North Korea plutonium ‘weaponised’

Pyongyang has enough plutonium to make up to five nuclear bombs, US expert says.

South Korean president Lee Myung-Bak got elected on a promise to "get tough" with North Korea [AFP]
South Korean president Lee Myung-Bak got elected on a promise to "get tough" with North Korea [AFP]

He said he had held talks with the North’s nuclear envoy, Ri Gun, and other senior officials.

‘Nuclear threat’

Harrison said he was also told that “North Korea wants friendly relations with the United States” and that if the Obama administration makes a political decision for improved relations, then “the DPRK [Democratic People’s Republic of Korea] and the United States can become intimate friends”.

A North Korean foreign ministry statement carried by the state-run Korean Central News Agency said on Saturday the country’s priority was to build up its “nuclear deterrent force” to protect itself and not to normalise diplomatic ties with the US.

A spokesman said even if diplomatic relations with the US were improved, North Korea’s “status as a nuclear weapons state will remain unchanged as long as it is exposed even to the slightest US nuclear threat”.

“We can live without the normalisation of ties with the US, but we cannot survive without the nuclear deterrence,” the spokesman said.

The government vowed on Tuesday not to give up its nuclear weapons until the US drops its “hostile” policy, and called for “free field access” to ensure there are no US
atomic weapons in South Korea.

‘Frosty’ relations

North Korea has pledged several times to get rid of its nuclear programme, but disarmament talks have failed for the past 15 years, despite offers of aid in exchange of disarmament.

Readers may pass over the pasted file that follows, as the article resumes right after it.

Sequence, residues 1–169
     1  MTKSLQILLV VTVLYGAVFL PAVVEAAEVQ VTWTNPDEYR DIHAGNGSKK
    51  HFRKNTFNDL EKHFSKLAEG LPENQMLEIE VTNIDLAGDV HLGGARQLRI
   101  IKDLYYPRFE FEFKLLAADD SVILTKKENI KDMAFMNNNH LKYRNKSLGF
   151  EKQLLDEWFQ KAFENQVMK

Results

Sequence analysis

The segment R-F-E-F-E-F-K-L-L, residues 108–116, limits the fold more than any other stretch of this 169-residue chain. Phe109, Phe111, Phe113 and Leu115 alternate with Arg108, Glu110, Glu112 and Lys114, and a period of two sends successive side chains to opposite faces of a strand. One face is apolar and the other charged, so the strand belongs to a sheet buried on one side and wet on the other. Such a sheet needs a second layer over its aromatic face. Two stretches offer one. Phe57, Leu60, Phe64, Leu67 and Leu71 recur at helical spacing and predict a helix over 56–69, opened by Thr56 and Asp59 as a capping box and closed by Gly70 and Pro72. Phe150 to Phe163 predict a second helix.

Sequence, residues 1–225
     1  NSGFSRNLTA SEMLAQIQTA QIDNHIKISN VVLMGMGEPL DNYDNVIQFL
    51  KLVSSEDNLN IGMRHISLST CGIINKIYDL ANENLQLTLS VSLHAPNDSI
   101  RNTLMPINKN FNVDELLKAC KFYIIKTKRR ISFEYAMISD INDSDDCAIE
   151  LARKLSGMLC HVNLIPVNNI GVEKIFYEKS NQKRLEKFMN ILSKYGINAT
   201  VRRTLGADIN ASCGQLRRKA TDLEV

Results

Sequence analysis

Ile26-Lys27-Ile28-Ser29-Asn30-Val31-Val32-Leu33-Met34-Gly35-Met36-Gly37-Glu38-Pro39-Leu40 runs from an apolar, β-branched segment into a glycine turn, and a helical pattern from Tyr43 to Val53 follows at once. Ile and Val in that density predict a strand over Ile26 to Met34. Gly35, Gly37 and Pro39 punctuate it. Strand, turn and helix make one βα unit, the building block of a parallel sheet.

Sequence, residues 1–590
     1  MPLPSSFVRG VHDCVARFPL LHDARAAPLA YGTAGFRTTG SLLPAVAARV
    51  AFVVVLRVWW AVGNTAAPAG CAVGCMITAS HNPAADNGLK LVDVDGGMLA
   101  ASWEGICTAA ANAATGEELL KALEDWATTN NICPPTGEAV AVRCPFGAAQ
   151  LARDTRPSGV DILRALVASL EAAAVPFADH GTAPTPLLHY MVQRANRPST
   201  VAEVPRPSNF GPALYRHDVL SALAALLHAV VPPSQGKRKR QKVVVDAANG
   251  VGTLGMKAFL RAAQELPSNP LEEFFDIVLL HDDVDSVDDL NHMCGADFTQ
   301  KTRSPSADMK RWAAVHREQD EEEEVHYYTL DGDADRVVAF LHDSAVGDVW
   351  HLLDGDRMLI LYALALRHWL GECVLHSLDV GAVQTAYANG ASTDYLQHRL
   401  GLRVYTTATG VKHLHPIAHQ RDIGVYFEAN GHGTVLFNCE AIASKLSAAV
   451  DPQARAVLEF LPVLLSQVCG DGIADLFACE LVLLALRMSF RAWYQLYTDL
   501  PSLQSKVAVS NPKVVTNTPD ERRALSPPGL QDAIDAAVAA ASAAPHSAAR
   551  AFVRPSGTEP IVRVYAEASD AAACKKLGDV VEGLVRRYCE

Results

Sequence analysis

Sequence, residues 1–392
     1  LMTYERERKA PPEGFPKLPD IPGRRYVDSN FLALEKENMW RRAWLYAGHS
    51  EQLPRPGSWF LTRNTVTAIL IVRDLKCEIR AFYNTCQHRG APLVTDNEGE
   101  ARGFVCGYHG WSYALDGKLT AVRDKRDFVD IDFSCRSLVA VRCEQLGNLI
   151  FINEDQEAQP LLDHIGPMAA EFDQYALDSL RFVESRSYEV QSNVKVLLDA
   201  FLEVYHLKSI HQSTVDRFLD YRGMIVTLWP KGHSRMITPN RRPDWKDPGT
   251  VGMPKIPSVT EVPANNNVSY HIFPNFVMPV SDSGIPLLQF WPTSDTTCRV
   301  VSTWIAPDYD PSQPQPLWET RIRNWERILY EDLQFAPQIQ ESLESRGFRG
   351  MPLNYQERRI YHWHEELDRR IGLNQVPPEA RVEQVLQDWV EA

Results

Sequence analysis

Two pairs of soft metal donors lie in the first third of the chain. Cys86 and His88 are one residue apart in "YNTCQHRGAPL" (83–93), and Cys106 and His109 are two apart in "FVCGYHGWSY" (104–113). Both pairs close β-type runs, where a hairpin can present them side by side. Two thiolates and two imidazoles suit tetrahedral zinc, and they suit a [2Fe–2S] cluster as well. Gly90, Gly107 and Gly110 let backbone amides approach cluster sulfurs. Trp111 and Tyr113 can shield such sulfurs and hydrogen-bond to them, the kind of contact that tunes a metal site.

Harrison said North Korea’s weapons are “off-limits” to arms inspectors [Reuters]

Relations between North and South Korea have been frosty since Lee Myung-Bak came to office as president in the South on a promise to “get tough” on the communist neighbour.

South Korea denies taking a confrontational stance and has repeatedly called for dialogue with the North.

The North has threatened to reduce its neighbour “to ashes”, but there has not been a major military clash since naval skirmishes killed dozens of sailors on both sides in 2002.

Hillary Clinton, US president-elect Barack Obama’s designated secretary of state, has said the new US administration will pursue a “very aggressive effort” against North Korea’s alleged atomic weapons proliferation.

She backed six-party talks which began in 2003 with the two Koreas, the US, China, Russia and Japan, but has indicated there could also be bilateral contacts.

North Korea tested an atomic weapon in October 2006. State media regularly accuses the US of plotting an attack on the country.

Source: News Agencies

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